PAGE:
Capital & Main: Do you see risk in Democrats running away from a populist progressive agenda?
Mayor Bill de Blasio: Absolutely. I think the biggest development we saw [in the midterm election] was Democrats not standing up for the ideals of the Democratic Party, not talking to the economic realities of our people, not being willing to offer real progressive solutions. I think there’s another model of Democrats who actually addressed these issues, who were willing to take on big corporations, who were willing to challenge the status quo, who were willing to ask those who are wealthy to pay their fair share, who were willing to talk about how we create living wage jobs and better benefits….
People are looking for answers to what is now a fundamental structural economic crisis. The middle class has been collapsing, people’s earning power has been declining rapidly…. I love that the conventional wisdom [about the recent election] is about a conservative tidal wave.
Sunday’s extreme heat didn’t prevent some 200-plus Angelenos from gathering in the Ann and John Nickoll Family Sanctuary at Temple Isaiah for an informal economic summit. The audience for this Westside event, partly sponsored by Bend the Arc, the American Civil Liberties Union and the Los Angeles Alliance for a New Economy, included District 5 Councilman Paul Koretz.
The crowd saw a screening of economist Robert Reich’s 2013 film Inequality for All. Narrated by Reich, this documentary provides some of the most incisive analyses of the causes of the income gap yet found in the popular media. The film is recommended viewing for anyone wanting to learn how the American middle class has become an endangered species.
But many in the audience had already seen the film and after the lights came up emcee Serena Zeise brought out the guest speaker and Reich friend, Harold Meyerson. The affable yet acerbic Myerson is a native son of Los Angeles who years ago moved east to become a Washington Post columnist and American Prospect editor-at-large.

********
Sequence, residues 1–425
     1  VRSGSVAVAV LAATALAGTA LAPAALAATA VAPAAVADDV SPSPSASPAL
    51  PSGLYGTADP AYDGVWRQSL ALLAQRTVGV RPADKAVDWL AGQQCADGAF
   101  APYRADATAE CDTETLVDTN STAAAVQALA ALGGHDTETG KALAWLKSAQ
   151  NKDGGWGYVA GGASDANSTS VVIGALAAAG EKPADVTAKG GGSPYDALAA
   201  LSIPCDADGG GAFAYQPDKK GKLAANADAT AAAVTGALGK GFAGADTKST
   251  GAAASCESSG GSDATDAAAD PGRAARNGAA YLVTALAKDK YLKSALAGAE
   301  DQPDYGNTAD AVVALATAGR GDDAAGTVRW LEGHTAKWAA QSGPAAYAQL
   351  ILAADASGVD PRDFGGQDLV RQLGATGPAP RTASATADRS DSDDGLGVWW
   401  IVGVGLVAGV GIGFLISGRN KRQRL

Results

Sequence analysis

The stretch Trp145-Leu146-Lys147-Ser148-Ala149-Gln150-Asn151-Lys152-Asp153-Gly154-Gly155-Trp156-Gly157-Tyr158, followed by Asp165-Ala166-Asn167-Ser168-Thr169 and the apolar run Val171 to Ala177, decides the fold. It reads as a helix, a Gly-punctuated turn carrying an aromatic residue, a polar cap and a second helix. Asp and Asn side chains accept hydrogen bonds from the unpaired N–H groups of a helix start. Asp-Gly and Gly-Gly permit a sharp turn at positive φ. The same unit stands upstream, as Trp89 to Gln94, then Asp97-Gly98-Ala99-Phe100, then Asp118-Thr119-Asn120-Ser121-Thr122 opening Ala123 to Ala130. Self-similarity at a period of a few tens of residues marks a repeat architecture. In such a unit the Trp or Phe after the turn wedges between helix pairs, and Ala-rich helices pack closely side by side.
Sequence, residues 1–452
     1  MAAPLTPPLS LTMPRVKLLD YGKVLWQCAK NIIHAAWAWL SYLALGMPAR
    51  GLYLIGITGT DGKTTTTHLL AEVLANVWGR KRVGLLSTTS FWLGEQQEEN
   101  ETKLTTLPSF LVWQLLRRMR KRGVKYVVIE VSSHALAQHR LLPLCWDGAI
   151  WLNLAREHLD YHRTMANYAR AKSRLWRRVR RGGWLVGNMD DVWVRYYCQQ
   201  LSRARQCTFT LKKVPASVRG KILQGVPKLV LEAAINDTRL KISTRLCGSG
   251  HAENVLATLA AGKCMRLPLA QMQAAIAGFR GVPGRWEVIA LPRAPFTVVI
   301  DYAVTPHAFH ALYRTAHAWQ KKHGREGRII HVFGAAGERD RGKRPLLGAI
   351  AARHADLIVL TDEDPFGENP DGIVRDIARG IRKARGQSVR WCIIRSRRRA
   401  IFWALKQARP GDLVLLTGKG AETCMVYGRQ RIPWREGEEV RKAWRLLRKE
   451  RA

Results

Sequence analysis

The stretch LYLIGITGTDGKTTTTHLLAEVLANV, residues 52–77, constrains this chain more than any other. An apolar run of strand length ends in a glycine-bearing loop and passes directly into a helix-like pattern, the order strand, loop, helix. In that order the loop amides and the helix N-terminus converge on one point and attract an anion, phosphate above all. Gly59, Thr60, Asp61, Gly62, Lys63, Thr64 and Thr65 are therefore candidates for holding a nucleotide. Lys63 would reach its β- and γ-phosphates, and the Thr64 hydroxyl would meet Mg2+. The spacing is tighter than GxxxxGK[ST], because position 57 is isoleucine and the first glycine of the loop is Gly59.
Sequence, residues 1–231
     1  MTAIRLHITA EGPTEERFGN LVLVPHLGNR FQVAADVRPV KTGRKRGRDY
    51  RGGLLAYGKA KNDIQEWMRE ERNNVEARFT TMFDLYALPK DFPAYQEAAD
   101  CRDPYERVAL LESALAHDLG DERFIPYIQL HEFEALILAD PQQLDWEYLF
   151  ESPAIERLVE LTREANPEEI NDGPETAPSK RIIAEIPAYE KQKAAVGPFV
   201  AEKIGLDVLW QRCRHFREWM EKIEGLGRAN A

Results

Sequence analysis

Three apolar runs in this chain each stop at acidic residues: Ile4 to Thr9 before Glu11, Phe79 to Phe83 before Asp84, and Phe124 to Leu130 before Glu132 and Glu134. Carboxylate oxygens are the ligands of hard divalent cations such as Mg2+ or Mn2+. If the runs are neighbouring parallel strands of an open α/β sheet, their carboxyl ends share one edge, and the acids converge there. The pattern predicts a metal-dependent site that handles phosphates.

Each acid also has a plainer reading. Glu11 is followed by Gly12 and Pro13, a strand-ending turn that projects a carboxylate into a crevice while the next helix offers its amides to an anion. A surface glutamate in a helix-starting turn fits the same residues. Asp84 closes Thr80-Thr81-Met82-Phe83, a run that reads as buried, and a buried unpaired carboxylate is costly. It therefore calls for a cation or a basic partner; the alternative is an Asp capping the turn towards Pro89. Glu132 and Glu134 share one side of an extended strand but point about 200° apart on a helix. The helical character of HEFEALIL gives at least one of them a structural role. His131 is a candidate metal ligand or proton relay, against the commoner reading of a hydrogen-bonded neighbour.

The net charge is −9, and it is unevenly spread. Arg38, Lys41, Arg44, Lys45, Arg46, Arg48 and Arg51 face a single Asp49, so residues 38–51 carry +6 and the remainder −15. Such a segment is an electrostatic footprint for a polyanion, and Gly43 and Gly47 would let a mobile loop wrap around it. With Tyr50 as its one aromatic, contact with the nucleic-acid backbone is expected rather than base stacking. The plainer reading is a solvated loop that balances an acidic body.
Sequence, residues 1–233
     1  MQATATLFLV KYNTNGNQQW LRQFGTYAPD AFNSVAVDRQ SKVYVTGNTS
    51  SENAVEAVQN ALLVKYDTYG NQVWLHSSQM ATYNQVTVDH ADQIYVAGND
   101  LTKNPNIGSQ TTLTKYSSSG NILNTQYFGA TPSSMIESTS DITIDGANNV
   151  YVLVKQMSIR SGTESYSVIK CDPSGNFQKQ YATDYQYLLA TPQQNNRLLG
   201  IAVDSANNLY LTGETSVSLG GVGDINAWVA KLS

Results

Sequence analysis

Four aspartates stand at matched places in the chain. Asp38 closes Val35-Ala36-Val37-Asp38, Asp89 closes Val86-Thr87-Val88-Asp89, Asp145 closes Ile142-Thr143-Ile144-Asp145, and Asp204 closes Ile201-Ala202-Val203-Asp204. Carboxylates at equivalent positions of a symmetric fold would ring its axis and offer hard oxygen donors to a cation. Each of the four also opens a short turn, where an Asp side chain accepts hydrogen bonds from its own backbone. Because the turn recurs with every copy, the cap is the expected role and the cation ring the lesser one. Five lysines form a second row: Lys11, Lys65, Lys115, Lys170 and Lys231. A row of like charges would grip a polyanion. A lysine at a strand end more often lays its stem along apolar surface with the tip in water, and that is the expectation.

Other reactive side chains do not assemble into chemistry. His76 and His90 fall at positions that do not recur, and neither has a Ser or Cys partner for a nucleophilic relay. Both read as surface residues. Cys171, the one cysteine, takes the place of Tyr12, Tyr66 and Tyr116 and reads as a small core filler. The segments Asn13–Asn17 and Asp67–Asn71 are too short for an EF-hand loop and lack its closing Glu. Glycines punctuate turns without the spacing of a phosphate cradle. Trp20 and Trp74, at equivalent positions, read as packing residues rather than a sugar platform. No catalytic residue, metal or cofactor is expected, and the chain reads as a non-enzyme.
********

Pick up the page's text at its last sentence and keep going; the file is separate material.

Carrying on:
In this uncertain post-recession era, economic inequality seems to be the only thing you can count on being in full supply. It’s certainly a subject that’s increasingly on people’s lips – thanks in no small part to Jacob Kornbluth’s 2013 documentary, Inequality for All. The film, wryly narrated by economist Robert Reich, lays out Reich’s astute perspective on how our country has arrived at the point where 400 Americans own more wealth than the entire bottom half of the country combined.
Sunday the Southern California Chapter of the American Civil Liberties Union will screen Inequality for All, an event that will serve as a refresher course for some and an eye-opener for others who have not seen the film. Afterwards, Harold Meyerson, American Prospect editor-at-large and Washington Post columnist, will offer his always lively insights into what’s happened since the documentary’s premier, along with a discussion of commercial property tax reform.
It might surprise many to learn that business people all over America have joined the fight against economic inequality. Here are 10 notable, wealthy individuals who have advocated for ending tax cuts on the rich and increasing programs for the poor:
America’s education system is unequal and unfair. Students who live in wealthy communities have huge advantages that rig the system in their favor. They have more experienced teachers and a much lower student-teacher ratio. They have more modern facilities, more up-to-date computer and science equipment and more up-to-date textbooks. They have more elective courses, more music and art offerings and more extracurricular programs. They have better libraries, more guidance counselors and superior athletic facilities.
Not surprisingly, affluent students in well-off school districts have higher rates of high school graduation, college attendance and entry to the more selective colleges. This has little to do with intelligence or ability. For example, 82 percent of affluent students who had SAT scores over 1200 graduate from college. In contrast, only 44 percent of low-income students with the same high SAT scores graduate from college. This wide gap can’t be explained by differences in motivation or smarts.